Sunday, August 22, 2010

Of Ducks, And Feathers, And H5N1



# 4826



Ducks and other aquatic birds  are a major reservoir of the H5N1 virus, with some species capable of carrying the pathogen without ill effect.  H5N1 is generally a gastrointestinal malady in birds, and the belief is that the virus is usually spread via infected feces.


In 2006, however, we became aware of a cluster of human H5N1 infections (7 cases, 4 fatalities) in Azerbaijan which were ultimately linked to the harvesting of feathers from dead swans.



And more recently, in June of this year, we saw a study (see Birds Of A Feather . . . .) in PLoS One, suggesting that waterfowl may be acquiring and spreading avian flu viruses because their preening oils bind the virus to their feathers.

Can Preening Contribute to Influenza A Virus Infection in Wild Waterbirds?

Mauro Delogu, Maria A. De Marco, Livia Di Trani, Elisabetta Raffini, Claudia Cotti, Simona Puzelli, Fabio Ostanello, Robert G. Webster, Antonio Cassone, Isabella Donatelli



So the findings  of today’s study, which was conducted by researchers at the  National Institute of Animal Health, Tsukuba, Ibaraki, Japan  and reported in the August issue of Applied and Environmental Microbiology shouldn’t come as a complete surprise.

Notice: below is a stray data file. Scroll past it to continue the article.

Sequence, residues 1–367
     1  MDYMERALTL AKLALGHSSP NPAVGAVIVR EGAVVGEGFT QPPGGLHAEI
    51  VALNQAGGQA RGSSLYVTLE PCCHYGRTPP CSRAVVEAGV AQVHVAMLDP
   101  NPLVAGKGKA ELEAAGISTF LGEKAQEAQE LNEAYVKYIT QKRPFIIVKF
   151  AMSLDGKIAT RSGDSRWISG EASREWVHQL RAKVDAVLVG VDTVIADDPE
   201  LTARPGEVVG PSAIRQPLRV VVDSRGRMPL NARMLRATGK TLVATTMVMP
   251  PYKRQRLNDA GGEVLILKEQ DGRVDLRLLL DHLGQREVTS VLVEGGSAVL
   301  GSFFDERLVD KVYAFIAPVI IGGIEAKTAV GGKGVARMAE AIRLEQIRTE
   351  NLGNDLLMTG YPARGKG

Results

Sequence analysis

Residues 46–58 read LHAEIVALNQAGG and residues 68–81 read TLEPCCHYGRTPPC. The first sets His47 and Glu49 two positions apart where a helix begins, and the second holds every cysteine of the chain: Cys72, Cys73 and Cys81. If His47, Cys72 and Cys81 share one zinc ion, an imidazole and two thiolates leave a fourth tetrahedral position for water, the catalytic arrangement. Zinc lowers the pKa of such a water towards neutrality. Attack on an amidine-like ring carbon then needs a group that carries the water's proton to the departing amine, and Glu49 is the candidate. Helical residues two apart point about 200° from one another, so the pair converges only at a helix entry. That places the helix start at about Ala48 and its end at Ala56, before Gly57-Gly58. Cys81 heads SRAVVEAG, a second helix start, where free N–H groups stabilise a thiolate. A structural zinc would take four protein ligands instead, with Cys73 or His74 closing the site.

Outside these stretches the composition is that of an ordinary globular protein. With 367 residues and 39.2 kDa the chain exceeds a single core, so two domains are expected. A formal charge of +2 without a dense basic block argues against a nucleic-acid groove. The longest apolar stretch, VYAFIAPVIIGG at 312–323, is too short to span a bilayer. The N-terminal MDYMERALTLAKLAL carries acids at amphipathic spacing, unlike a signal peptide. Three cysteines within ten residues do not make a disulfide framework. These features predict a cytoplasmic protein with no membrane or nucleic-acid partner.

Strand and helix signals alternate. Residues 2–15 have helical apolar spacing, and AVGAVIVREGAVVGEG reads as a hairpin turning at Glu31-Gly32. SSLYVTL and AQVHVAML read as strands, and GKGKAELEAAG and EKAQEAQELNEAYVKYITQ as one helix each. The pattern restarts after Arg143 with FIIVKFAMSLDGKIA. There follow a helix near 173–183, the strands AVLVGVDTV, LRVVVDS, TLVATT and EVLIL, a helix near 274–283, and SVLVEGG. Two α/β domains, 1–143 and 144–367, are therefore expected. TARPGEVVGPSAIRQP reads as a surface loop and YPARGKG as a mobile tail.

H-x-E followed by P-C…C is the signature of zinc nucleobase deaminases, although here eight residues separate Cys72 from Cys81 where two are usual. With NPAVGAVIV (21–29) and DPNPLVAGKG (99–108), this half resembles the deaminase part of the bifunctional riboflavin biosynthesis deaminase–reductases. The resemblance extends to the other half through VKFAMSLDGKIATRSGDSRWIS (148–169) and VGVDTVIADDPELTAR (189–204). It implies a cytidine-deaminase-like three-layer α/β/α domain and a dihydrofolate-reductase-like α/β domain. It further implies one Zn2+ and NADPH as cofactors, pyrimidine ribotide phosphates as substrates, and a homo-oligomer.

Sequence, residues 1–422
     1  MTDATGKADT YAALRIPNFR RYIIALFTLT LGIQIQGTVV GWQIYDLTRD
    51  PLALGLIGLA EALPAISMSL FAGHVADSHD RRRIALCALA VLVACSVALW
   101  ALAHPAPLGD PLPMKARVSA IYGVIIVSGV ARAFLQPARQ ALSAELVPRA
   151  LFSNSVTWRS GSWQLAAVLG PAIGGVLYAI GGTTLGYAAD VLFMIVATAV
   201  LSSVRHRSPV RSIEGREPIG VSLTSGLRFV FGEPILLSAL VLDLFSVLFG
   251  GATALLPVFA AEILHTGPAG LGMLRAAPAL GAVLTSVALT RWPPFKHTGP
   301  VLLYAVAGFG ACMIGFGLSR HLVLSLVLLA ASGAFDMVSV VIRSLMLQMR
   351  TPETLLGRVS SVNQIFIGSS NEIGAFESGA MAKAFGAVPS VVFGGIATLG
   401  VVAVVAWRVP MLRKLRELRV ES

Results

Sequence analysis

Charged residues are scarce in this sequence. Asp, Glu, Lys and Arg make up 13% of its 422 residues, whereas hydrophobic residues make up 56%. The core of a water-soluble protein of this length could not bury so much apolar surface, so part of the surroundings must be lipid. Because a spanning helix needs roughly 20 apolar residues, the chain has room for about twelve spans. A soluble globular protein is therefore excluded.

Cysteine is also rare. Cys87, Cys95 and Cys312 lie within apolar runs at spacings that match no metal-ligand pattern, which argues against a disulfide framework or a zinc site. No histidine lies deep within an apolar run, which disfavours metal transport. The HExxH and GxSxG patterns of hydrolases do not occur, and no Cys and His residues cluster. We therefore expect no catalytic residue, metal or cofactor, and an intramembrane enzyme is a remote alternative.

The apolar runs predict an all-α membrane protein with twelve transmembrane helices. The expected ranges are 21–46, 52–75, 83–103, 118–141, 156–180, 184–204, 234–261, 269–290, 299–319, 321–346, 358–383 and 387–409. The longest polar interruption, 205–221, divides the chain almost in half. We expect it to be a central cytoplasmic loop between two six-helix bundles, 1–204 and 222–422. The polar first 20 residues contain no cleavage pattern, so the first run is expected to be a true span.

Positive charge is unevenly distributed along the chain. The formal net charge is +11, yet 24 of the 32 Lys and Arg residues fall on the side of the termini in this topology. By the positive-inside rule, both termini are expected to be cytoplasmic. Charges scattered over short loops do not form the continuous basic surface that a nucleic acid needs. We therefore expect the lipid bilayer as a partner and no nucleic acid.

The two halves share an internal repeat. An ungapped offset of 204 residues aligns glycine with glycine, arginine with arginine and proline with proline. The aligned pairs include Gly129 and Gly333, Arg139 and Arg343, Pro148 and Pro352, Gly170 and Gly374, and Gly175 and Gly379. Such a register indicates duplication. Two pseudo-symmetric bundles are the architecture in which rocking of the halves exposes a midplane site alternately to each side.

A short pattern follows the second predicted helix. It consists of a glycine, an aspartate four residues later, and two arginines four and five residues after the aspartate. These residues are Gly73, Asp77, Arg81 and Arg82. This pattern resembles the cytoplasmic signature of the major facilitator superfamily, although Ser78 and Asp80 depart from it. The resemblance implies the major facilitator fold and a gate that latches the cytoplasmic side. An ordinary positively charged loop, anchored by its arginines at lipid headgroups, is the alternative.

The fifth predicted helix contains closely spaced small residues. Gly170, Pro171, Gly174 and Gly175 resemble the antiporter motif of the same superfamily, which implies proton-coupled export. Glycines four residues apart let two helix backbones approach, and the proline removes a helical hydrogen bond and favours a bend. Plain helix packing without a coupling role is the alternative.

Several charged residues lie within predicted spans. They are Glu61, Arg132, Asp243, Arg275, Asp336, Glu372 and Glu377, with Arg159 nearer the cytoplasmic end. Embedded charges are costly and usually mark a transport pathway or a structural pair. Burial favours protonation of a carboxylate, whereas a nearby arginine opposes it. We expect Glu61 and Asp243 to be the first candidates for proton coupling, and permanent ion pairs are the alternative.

They determined that the H5N1 virus may persist on the dropped feathers from infected ducks and that they may spread the virus to the environment.  You can follow the link below to read the abstract.


Applied and Environmental Microbiology, August 2010, p. 5496-5499, Vol. 76, No. 16
0099-2240/10/$12.00+0     doi:10.1128/AEM.00563-10

Persistence of Avian Influenza Virus (H5N1) in Feathers Detached from Bodies of Infected Domestic Ducks

Yu Yamamoto, Kikuyasu Nakamura, Manabu Yamada, and Masaji Mase


The surprising part of this study is how long these feathers retained some degree of viral contamination at various temperatures.


At 4°C (39F) the virus was detectable for 160 days, while at the higher temperature 20°C (68F), the virus was detected for 15 days.


While these results were obtained under laboratory conditions, and these impressive durations might not be equaled in the wild, this research does suggest that feathers could be a possible vector of the bird flu virus to other birds, to mammals, and to the environment.

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